• On time performance was 86 percent, completion factor as 99.5%, and Alaska recorded a blended satisfaction score of 84 percent, a record.
  • Competitive capacity rose 7 percent in Alaska markets, 8 percent in Q4.
  • Alaska launched 16 new North American markets in Seattle (up to 79 total versus 26 for Delta). Seattle market share is 55 percent.
  • The seat retrofitting program on 737-800s and 737-900s has been completed, generating incremental benefit of $50 million annually.
  • Mileage Plan frequent flyer members were up 11.4 percent YOY.
  • Q1 2015 capacity growth projected at 11 percent, with 4 percentage points due to aircraft up-gauging. Calendar 2015 capacity growth is expected at 8 percent.
  • Paid first class traffic up 7 percentage pints in Q4 on roll out of discounted first class to 50 percent of markets by YE 2014.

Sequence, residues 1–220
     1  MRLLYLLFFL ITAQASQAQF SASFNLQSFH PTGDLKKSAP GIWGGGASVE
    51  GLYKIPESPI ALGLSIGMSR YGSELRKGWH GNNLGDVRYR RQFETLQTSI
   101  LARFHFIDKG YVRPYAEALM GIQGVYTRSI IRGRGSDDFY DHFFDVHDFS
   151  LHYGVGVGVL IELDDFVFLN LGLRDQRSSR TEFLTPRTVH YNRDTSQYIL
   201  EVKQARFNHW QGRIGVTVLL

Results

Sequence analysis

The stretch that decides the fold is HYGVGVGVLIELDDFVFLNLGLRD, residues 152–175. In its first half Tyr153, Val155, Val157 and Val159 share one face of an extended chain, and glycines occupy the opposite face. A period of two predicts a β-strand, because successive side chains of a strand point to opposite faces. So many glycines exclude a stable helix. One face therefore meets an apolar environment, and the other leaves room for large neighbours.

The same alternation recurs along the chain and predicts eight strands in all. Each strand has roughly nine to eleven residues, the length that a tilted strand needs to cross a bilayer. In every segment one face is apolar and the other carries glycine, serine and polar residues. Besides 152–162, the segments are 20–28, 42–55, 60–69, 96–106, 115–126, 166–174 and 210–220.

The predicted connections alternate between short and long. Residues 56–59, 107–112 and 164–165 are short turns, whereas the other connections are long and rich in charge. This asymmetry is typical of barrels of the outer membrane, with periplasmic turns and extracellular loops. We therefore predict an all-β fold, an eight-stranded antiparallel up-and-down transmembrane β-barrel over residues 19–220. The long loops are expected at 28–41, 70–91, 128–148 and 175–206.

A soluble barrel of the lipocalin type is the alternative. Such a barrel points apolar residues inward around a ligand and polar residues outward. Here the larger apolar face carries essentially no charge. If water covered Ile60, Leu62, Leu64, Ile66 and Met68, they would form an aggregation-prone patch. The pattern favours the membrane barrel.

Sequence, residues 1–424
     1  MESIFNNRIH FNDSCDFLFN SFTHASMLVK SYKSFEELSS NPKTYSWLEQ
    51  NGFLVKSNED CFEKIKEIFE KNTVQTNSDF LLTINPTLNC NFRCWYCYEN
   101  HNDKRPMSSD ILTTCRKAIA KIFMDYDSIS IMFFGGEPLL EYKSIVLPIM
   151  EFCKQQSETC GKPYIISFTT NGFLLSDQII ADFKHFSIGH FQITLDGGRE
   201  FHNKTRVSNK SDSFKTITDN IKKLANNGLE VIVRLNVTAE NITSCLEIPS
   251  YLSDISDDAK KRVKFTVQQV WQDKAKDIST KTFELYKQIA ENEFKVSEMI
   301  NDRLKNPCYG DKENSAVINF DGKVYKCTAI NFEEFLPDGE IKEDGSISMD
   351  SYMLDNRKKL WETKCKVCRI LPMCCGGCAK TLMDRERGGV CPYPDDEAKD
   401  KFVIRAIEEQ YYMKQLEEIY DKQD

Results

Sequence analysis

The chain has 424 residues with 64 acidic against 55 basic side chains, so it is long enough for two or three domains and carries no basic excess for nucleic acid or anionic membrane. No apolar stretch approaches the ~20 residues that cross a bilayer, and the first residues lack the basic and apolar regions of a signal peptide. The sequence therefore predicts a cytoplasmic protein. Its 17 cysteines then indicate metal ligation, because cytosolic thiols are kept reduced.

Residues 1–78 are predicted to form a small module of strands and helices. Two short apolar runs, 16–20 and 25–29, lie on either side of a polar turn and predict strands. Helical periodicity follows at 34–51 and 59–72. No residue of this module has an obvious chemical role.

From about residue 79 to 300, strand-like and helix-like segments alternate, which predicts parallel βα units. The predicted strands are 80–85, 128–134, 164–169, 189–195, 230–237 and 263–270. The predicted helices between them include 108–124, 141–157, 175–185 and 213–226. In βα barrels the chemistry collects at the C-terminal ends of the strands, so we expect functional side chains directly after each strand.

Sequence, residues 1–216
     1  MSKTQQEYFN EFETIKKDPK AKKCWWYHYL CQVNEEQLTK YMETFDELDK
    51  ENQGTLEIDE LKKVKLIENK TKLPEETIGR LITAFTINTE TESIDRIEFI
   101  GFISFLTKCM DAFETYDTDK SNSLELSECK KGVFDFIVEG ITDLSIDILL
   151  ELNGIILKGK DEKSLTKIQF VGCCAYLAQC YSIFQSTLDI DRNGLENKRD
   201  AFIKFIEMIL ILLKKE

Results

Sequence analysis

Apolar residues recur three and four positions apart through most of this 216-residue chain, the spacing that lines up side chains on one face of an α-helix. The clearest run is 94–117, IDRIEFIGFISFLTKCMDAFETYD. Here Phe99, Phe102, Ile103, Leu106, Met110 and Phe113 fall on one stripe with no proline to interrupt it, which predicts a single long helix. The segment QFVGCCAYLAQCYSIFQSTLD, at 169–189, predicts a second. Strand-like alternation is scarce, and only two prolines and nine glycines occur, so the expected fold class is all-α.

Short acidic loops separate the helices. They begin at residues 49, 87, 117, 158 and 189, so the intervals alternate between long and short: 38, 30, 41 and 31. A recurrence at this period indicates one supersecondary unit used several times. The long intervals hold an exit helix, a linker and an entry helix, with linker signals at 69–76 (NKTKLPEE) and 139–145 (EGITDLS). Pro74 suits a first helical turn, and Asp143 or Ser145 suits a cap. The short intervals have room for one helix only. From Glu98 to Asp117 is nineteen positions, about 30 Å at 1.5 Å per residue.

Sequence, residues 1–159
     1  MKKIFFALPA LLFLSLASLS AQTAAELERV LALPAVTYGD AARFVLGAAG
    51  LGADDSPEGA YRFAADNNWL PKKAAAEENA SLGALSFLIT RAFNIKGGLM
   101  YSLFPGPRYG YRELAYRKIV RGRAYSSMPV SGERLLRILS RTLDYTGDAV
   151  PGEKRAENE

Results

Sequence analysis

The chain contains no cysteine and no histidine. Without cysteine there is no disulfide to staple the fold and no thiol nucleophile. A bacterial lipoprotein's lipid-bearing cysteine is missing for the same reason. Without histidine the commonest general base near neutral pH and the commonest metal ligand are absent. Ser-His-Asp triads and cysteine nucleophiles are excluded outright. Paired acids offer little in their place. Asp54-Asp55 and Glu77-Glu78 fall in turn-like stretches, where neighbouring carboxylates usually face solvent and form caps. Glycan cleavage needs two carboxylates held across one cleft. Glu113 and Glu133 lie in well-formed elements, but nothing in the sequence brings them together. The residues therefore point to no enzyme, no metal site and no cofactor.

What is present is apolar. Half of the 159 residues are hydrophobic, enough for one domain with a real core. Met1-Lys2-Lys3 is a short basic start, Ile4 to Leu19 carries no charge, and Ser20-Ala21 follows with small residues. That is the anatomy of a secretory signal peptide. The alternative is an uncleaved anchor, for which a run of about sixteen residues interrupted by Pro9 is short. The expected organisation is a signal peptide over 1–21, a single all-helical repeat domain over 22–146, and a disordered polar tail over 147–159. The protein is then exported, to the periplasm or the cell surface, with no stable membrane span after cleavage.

• Preferred seating product in Q2 for exit rows and bulkheads expected to add $15 million to the bottom line.
  • Revenue is management system being updated in Q1.
  • Profit sharing and incentive pay totaled $116 million, $14 million for operational performance rewards.
  • A large portion of the Q400 fleet is entering an engine overhaul cycle.
  • All 27 737-400s will be replaced by 737-900ERs by the end of 2017.
  • Mileage Plan growth has been highest in Salt Lake City and San Diego, new markets with a small base.
  • Oil prices have not had a major impact on volatility in State of Alaska demand. Alaska views the key oil towns as Anchorage and Prudhoe Bay on the North Slope, and it views North Slope projects as stable in the long run.